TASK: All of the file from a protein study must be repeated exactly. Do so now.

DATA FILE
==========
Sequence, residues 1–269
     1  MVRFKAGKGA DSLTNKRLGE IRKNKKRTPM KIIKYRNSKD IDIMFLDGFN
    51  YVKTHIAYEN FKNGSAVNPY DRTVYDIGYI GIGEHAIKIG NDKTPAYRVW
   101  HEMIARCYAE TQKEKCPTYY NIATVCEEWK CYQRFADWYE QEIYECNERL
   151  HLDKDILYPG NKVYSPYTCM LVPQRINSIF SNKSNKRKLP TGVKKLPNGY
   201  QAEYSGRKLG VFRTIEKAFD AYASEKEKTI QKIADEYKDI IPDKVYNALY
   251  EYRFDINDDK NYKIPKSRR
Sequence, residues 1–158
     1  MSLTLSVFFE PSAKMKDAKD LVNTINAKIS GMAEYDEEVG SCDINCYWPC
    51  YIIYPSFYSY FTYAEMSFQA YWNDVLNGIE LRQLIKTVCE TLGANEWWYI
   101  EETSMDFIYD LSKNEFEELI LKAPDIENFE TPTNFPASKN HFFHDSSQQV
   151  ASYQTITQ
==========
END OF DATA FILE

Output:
Sequence, residues 1–269
     1  MVRFKAGKGA DSLTNKRLGE IRKNKKRTPM KIIKYRNSKD IDIMFLDGFN
    51  YVKTHIAYEN FKNGSAVNPY DRTVYDIGYI GIGEHAIKIG NDKTPAYRVW
   101  HEMIARCYAE TQKEKCPTYY NIATVCEEWK CYQRFADWYE QEIYECNERL
   151  HLDKDILYPG NKVYSPYTCM LVPQRINSIF SNKSNKRKLP TGVKKLPNGY
   201  QAEYSGRKLG VFRTIEKAFD AYASEKEKTI QKIADEYKDI IPDKVYNALY
   251  EYRFDINDDK NYKIPKSRR
Sequence, residues 1–158
     1  MSLTLSVFFE PSAKMKDAKD LVNTINAKIS GMAEYDEEVG SCDINCYWPC
    51  YIIYPSFYSY FTYAEMSFQA YWNDVLNGIE LRQLIKTVCE TLGANEWWYI
   101  EETSMDFIYD LSKNEFEELI LKAPDIENFE TPTNFPASKN HFFHDSSQQV
   151  ASYQTITQ